France’s parliament is to vote on a Bill aimed at legalising broad surveillance of terrorism suspects that has sparked an outcry among privacy advocates and others.
One of the most sensitive measures of the Bill would allow intelligence services to vacuum up metadata, which would then be subject to analysis for potentially suspicious behaviour.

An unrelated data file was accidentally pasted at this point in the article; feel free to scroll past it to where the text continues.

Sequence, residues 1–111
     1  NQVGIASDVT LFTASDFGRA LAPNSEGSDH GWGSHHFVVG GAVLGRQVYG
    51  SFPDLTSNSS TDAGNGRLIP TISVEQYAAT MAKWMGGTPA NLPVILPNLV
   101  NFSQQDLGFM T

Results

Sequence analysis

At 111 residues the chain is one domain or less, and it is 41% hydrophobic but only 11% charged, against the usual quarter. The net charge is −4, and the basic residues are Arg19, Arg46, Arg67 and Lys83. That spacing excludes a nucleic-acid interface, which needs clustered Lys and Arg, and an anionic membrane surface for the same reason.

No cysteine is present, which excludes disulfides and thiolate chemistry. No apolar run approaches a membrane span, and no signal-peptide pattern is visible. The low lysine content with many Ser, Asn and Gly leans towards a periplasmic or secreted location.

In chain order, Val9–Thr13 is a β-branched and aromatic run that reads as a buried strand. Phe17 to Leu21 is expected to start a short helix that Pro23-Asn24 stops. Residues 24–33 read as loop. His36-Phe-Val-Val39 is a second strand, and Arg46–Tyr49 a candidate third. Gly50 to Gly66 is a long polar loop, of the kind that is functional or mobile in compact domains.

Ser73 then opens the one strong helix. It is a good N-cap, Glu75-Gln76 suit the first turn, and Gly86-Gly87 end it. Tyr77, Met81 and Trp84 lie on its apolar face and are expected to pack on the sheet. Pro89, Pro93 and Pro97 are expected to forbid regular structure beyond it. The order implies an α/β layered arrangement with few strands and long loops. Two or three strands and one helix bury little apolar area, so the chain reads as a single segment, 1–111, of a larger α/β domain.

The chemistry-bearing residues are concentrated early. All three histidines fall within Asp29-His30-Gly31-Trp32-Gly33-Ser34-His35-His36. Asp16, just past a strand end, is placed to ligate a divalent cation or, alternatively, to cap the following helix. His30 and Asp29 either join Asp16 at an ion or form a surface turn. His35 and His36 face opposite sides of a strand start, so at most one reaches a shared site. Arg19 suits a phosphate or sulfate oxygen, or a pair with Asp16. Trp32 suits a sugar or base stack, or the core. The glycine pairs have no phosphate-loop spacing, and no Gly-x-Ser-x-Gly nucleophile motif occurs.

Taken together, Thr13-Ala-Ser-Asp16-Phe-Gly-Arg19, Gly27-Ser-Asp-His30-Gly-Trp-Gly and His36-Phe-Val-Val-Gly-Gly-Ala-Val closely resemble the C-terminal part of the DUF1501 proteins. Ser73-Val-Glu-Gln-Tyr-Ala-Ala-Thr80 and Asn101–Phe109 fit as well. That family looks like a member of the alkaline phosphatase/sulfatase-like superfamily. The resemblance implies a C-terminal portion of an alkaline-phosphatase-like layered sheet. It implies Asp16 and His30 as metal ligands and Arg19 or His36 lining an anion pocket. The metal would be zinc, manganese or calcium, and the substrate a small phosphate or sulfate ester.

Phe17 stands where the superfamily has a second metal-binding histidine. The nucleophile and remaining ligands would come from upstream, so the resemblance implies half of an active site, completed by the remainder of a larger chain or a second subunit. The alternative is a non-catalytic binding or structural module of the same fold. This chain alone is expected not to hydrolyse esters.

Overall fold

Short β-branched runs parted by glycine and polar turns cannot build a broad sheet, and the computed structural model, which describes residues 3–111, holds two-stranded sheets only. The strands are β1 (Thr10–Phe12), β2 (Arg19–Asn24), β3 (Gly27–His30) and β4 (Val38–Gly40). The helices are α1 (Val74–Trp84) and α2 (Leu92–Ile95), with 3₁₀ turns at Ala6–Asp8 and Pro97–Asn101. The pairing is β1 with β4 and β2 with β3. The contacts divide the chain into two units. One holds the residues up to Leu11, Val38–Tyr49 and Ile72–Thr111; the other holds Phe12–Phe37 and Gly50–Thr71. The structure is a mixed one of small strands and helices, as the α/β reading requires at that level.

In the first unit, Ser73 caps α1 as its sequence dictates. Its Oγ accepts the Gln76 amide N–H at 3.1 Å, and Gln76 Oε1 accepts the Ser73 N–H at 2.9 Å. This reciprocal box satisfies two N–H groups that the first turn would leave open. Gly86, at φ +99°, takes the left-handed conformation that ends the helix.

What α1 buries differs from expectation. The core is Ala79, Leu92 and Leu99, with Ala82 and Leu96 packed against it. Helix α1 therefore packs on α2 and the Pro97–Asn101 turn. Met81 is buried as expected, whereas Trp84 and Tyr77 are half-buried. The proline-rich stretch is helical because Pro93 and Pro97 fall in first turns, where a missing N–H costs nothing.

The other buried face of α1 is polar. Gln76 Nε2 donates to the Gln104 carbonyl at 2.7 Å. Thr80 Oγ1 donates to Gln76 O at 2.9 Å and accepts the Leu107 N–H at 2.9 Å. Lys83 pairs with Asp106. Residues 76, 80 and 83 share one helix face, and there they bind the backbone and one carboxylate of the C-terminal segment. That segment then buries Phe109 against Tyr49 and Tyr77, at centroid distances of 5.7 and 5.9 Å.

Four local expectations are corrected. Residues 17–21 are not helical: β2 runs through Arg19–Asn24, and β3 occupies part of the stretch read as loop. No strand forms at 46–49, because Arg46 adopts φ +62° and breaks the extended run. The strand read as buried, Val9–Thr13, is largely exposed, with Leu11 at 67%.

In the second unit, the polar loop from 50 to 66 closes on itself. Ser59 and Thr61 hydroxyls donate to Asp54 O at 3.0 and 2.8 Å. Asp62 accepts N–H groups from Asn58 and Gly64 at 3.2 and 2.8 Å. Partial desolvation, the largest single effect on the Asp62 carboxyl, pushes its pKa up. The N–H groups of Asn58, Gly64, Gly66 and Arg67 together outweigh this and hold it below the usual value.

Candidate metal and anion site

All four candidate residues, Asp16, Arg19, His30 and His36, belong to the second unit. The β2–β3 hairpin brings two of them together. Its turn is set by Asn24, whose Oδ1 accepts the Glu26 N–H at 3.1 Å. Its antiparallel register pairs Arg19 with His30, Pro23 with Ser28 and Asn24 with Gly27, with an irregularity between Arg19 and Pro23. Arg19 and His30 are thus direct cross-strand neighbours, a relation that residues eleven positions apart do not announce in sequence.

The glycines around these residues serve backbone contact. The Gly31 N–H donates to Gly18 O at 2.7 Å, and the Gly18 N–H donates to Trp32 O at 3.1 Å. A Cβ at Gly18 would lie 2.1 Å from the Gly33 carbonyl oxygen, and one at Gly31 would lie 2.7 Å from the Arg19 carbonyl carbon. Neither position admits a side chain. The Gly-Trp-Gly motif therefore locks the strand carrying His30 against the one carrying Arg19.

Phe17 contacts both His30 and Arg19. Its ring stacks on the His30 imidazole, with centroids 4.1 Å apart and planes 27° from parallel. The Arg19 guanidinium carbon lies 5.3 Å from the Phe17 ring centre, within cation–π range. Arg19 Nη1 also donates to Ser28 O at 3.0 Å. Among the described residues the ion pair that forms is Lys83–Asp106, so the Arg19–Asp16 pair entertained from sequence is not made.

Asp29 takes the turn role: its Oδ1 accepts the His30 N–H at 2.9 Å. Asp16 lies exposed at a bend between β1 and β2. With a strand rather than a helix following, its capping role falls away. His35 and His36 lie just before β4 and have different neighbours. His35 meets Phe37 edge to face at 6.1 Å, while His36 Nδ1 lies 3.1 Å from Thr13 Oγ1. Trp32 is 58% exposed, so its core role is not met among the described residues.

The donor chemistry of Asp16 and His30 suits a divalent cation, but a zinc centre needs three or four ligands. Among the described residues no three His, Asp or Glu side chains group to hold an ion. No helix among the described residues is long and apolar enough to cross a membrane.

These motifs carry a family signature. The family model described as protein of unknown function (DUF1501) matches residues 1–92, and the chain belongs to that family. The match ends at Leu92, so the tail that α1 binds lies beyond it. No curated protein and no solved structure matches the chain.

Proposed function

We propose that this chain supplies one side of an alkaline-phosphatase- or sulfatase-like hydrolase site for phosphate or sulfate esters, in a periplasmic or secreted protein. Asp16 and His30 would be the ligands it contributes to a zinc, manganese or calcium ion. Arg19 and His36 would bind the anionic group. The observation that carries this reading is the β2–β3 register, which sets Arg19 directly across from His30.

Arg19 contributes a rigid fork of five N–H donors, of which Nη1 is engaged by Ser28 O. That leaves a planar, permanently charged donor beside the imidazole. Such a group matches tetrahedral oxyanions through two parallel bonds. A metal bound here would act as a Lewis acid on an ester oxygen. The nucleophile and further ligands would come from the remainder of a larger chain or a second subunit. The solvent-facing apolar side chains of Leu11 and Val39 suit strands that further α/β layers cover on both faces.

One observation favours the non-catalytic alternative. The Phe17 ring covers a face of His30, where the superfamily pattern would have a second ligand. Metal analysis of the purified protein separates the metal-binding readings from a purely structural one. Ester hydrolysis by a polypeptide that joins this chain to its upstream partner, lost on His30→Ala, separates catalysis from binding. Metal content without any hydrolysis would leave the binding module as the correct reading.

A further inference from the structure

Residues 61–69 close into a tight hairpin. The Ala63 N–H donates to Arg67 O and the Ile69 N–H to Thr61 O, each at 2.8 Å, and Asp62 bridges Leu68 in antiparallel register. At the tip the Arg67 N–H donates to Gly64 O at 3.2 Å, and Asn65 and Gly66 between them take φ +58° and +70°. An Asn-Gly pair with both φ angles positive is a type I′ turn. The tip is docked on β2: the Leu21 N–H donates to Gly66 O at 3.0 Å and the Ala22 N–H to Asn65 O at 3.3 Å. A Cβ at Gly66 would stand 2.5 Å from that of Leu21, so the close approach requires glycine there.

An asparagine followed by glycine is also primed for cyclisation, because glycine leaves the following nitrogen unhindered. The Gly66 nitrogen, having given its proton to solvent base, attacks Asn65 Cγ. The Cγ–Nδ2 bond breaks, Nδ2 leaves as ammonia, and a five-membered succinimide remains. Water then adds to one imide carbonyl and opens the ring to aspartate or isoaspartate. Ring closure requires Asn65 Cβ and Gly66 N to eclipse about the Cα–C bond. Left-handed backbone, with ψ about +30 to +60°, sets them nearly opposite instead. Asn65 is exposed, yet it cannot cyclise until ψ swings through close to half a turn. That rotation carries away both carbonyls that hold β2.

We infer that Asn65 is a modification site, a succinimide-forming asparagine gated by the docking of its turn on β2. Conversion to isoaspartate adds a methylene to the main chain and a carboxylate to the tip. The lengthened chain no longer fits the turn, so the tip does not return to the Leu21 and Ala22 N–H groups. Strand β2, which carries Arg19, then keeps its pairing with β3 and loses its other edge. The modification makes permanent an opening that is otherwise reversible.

The metadata would be anonymous, but intelligence agents could follow up with a request to the independent panel for deeper surveillance which could yield the identity of users.
The Bill that goes to parliament today was proposed long before January’s attacks by Islamic extremists on the Paris offices of satirical magazine Charlie Hebdo and a kosher supermarket.
But the Bill’s sponsors say it takes on added urgency with each person who is radicalised.
Opponents say it legalises highly intrusive surveillance methods without guarantees for individual freedom and privacy.